Talking points are walking points

I read a lot everyday and today was no exception. One of the stories I read today was a link on Huffington Post about Matthew Dowd, former campaign strategist for President George Bush. Dowd came “clean” in an interview that was published in today’s New York Times. It’s well worth reading as is the commentary at Daily Kos. I think Mr. Bush has or had lots of supporters all genuine who wanted to believe the best about this very complex and troubled man. Most Americans love to be patriotic and Mr. Bush seemed to be a clean cut guy who had most of those values in tow. It’s also easy to be down on Mr. Bush now that he is down. I think the President needs our prayers more now than at any time in his presidency. I’ve never been a fan of military force.

Let’s face it force doesn’t work in your neighborhood or mine. We don’t teach our kids in schools that force is first. We teach them exactly the opposite. It is only a last resort, never a first resort. In this war in and with Iraq there can be no doubt that the diplomatic option was never considered. However, most Americans were so intoxicated with the cakewalk in the first Gulf War that they were eager for more of the same. Like the first battle of Bull Run in our own civil war most of this war’s supporters were intoxicated with patriotism and the belief that we would somehow prevail just like our “turkey shoot” in Kuwait in 1991. It is clear now that we will not prevail and the end game will get a lot uglier than it is now.

Mr. Dowd’s interview in the New York Times is timely and it long overdue. It’s ironic that the New York Times, the same paper that published the talking points for the run up to the war would also publish this piece.

About Don Watkins

I'm a FOSS advocate, writer, educator, Python coder, Linux user, US Navy Veteran, Secular Franciscan, husband,father and grandfather. I blog about my life and experiences that give it meaning.
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2 Responses to Talking points are walking points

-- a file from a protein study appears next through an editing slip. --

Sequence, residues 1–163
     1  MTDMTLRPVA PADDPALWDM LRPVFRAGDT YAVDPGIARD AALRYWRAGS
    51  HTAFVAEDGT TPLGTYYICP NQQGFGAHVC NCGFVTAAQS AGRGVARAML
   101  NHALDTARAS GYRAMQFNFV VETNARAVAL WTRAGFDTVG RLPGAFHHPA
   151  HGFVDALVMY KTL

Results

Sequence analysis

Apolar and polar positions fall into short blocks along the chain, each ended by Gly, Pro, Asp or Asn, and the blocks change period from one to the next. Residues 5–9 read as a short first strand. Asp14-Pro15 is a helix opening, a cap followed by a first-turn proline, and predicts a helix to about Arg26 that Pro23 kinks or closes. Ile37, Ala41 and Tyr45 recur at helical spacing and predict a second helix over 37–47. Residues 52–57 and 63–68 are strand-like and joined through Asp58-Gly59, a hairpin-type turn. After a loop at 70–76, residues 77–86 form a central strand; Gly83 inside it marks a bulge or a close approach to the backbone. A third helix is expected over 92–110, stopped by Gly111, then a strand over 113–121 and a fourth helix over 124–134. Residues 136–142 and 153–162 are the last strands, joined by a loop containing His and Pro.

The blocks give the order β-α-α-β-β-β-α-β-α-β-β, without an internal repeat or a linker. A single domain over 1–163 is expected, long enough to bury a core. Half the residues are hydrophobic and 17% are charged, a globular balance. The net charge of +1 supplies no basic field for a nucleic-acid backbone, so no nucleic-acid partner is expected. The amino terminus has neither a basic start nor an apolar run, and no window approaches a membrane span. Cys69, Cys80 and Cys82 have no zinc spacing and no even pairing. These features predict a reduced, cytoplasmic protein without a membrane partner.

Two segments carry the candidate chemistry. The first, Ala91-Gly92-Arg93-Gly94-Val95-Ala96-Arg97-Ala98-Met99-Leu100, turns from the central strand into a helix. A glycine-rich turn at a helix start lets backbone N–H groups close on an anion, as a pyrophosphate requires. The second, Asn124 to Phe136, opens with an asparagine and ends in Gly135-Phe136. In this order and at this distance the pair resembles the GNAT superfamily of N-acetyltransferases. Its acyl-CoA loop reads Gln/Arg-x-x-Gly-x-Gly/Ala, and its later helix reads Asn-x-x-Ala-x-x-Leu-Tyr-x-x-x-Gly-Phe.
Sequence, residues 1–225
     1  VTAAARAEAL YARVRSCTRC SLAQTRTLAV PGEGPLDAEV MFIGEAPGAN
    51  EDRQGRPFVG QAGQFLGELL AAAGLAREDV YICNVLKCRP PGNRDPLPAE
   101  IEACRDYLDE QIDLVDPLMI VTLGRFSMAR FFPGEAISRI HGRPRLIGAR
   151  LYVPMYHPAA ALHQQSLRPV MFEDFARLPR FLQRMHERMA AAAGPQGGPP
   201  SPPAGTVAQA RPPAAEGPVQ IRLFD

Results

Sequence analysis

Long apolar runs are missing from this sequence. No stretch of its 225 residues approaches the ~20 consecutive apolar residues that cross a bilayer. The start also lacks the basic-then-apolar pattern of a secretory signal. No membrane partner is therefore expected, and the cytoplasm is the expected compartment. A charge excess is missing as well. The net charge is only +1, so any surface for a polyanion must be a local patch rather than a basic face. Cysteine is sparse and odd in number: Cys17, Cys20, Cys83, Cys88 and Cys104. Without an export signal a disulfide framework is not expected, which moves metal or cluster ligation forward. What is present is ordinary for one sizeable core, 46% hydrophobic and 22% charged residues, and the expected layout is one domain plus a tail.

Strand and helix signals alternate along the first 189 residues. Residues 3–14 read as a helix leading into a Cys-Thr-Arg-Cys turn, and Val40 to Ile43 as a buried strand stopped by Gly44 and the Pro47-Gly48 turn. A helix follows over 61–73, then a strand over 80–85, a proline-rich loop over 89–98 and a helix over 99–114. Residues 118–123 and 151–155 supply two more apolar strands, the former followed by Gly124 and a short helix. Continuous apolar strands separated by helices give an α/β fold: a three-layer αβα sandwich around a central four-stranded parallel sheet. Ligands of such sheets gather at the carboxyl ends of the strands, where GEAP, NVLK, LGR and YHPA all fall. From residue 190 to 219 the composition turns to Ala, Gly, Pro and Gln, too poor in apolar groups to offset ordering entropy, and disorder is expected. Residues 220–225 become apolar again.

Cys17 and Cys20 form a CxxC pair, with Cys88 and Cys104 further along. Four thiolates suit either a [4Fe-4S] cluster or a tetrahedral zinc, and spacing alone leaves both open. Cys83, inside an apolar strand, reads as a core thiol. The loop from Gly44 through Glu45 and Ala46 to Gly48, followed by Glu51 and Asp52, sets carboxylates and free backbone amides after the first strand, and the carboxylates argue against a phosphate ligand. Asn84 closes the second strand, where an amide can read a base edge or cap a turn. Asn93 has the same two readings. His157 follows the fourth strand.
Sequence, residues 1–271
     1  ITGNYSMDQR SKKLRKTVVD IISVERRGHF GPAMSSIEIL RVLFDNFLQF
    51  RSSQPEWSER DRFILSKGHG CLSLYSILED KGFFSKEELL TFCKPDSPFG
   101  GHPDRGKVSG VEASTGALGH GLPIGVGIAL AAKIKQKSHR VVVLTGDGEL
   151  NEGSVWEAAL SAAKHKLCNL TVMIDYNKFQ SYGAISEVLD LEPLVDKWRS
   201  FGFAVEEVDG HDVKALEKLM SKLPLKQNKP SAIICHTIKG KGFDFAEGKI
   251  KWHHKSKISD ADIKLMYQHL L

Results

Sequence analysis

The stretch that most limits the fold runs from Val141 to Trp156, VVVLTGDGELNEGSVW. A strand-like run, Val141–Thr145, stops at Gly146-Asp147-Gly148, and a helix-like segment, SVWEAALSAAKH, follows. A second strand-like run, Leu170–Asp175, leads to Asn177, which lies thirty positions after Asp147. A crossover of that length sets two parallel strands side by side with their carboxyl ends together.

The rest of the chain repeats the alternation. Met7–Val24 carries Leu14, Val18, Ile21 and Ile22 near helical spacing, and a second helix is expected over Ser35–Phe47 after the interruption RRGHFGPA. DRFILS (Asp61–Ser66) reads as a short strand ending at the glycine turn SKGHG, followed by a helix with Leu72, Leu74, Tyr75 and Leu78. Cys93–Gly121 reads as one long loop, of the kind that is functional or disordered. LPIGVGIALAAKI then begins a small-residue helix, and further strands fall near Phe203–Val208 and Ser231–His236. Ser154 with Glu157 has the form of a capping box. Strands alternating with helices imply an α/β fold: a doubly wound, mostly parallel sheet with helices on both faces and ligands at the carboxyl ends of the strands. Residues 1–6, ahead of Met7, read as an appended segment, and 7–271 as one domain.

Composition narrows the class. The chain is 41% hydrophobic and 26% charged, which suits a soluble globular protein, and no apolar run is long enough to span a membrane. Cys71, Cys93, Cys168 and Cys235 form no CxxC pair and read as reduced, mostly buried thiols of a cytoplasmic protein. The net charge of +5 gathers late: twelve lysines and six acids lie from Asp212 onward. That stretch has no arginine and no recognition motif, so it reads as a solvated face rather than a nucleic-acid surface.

1. Right now, my neighborhood is experiencing the direct effects of violence. In the apartment complex next to mine, a man was on his way home last week, when he was shot and killed in a robbery. Now, I frequently see police cars slowly traversing the neighborhood and some are afraid to go where they need to go. One man in my building commented bitterly that we don’t need to send our soldiers abroad to experience warfare – they could come live in urban neighborhoods of moderate means like mine.

    I am praying deeply for an end to this culture of violence, both at home and overseas. I have long prayed that Mr. Bush would find a place of peace within himself that he might begin to reach out from that place.

  2. Don says:

    Well said. There is an alarming amount of violence and I think it systemic and caused by the eruption/outbreak of poverty in our country. The war is taking a toll to be sure but so is the plight of the less fortunate. More and more people are slipping into poverty through no fault of their own.

    Yesterday in a conversation with my employer he mentioned the possibility of insuring employees so that upon their death the institution could collect a benefit. The institution could collect 10% of a term life policy worth let us say $50,000. Apparently such ideas are not uncommon as we devalue the person.

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